What was historically intended to be a very practical way to exchange what you have for what you need, by creating a medium or go-between, so that your exchange or transaction wouldn’t be held up by what the person or business you wanted something from, wanted in return, has become all about the value of that medium itself.
For a very long time, there was a very distinct set of rules in place that meant the assumed value of money as a medium was underpinned by the value of the gold that the government – or in the UK, The Bank of England, held in its vaults.
This monetary system was known as The Gold Standard.
Over time, Bank Notes and coins became promissory notes, never actually holding the value they represented themselves, but bearing ‘the promise’ that if you were to produce the money you had in your pocket, the Chief Cashier of the BoE would ‘pay the bearer on demand’. (If you have a banknote on you, take it out and have a read of the details on it!)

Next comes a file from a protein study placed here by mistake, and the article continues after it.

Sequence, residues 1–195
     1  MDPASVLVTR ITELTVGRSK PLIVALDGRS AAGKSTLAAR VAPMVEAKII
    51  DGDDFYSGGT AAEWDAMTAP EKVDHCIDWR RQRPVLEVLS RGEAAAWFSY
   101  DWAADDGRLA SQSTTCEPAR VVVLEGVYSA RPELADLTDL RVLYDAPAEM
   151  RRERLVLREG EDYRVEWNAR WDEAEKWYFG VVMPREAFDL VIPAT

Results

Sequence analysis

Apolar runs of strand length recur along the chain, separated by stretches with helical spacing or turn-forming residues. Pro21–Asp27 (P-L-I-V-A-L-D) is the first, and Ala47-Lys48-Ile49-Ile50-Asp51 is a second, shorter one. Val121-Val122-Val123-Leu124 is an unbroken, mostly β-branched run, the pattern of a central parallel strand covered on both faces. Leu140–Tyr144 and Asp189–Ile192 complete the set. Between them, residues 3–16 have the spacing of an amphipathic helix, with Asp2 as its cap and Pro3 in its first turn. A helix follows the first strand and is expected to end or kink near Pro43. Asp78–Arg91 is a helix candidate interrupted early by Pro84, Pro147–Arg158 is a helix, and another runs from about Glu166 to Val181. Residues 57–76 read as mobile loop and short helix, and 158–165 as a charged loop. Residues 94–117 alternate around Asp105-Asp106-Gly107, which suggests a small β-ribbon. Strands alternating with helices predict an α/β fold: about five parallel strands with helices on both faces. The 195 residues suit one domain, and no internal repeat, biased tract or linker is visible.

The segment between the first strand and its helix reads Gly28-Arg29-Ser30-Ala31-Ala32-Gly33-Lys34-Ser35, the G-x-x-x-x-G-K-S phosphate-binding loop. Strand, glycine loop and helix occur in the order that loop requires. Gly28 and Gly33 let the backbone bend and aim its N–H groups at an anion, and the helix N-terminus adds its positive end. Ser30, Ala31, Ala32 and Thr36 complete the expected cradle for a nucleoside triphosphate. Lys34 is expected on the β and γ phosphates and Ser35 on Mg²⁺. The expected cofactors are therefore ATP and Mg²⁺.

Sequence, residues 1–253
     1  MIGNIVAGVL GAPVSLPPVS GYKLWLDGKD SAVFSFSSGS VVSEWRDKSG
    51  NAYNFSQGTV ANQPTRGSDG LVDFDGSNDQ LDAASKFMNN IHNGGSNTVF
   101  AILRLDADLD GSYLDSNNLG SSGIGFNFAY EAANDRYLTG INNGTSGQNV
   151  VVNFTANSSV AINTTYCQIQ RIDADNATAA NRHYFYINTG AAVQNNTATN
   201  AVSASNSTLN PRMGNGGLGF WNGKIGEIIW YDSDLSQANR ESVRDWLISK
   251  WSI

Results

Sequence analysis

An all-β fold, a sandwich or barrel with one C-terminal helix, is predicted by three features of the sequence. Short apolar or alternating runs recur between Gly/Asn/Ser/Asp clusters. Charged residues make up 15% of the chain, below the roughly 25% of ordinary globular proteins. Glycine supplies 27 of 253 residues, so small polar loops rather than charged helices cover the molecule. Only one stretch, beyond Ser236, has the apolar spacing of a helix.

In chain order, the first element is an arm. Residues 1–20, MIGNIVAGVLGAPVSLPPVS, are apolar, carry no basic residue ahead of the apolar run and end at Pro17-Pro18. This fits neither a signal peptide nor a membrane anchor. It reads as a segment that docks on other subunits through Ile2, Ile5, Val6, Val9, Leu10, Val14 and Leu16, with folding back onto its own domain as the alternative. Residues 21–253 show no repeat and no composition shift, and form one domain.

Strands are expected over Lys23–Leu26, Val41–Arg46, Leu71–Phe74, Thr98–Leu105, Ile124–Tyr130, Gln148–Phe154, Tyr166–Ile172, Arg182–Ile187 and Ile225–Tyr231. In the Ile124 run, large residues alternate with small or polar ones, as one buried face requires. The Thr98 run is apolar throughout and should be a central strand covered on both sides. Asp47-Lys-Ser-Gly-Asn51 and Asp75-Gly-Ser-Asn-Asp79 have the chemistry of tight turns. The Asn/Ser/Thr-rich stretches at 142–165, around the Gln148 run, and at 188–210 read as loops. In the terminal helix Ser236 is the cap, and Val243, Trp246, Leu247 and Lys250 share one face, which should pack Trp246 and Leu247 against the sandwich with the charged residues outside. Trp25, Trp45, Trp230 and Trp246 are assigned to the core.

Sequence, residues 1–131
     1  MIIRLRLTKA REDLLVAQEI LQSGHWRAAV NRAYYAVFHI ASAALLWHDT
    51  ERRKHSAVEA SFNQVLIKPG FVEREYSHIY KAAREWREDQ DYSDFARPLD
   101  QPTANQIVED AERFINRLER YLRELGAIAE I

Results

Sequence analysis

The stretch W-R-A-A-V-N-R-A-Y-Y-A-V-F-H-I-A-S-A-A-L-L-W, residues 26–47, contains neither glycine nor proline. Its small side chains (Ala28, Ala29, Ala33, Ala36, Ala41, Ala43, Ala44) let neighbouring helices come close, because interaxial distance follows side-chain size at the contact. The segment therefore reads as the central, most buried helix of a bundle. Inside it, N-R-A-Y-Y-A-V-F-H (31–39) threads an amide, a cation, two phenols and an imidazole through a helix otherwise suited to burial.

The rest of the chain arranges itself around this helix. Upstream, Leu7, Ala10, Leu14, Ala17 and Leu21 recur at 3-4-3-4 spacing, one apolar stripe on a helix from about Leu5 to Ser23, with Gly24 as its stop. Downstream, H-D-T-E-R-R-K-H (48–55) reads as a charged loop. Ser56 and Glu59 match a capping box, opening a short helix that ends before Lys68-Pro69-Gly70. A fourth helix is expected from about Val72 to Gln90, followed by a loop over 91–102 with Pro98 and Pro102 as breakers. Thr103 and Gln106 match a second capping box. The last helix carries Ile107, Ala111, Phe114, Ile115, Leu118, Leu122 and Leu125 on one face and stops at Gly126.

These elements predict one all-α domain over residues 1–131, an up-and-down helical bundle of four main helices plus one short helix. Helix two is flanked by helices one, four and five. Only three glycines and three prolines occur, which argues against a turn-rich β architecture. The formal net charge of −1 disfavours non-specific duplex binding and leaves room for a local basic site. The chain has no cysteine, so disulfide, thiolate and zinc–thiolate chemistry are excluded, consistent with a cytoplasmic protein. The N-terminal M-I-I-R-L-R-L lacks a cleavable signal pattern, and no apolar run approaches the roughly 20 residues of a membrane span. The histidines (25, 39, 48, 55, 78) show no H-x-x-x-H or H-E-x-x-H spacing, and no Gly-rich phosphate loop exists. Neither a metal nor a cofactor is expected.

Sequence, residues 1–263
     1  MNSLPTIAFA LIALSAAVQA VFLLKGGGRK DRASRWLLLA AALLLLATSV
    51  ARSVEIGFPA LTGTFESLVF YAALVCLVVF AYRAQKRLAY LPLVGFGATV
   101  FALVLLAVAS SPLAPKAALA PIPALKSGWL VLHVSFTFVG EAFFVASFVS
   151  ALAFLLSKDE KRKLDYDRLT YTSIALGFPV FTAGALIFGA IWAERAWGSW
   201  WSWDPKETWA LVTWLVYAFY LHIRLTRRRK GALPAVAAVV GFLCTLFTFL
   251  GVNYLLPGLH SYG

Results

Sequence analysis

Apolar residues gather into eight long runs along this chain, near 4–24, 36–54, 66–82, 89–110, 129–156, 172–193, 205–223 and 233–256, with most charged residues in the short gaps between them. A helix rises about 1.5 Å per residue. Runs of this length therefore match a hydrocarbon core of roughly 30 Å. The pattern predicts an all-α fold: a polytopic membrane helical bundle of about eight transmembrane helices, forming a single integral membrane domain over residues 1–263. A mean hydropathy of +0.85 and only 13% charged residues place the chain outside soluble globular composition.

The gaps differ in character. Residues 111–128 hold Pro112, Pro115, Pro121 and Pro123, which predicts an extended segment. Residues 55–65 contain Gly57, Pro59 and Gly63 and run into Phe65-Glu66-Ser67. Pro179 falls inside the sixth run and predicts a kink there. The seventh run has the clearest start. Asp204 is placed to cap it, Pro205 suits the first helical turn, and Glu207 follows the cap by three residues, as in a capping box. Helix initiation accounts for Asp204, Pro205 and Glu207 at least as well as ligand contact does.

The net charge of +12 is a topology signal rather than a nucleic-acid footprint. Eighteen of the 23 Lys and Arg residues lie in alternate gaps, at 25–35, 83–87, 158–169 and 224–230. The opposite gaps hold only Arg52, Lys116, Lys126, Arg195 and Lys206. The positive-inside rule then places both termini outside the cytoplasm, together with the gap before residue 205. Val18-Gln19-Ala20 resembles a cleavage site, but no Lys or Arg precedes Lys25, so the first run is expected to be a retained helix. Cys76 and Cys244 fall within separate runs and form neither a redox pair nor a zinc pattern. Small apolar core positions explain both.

Money, or rather the value of money has always been played with by ‘those in the know’. But in recent centuries, the way that the real value of money was manipulated with tools such as leverage – where typically a central bank like the BoE was allowed to print perhaps three times (3x) the monetary value of the gold it held.
The more adventurous those playing with the money system became, the more freedom they wanted so that they could do even more. After all, right from the very start, it was those who knew the so-called ‘secrets’ of money, that would always end up with more and more of the stuff.
In the history of money, the most influential or pivotal moment that led to where we are today came in 1971, when the US financial system rejected and removed the anchoring that The Gold Standard provided, and the current trajectory based on the FIAT Money system was born.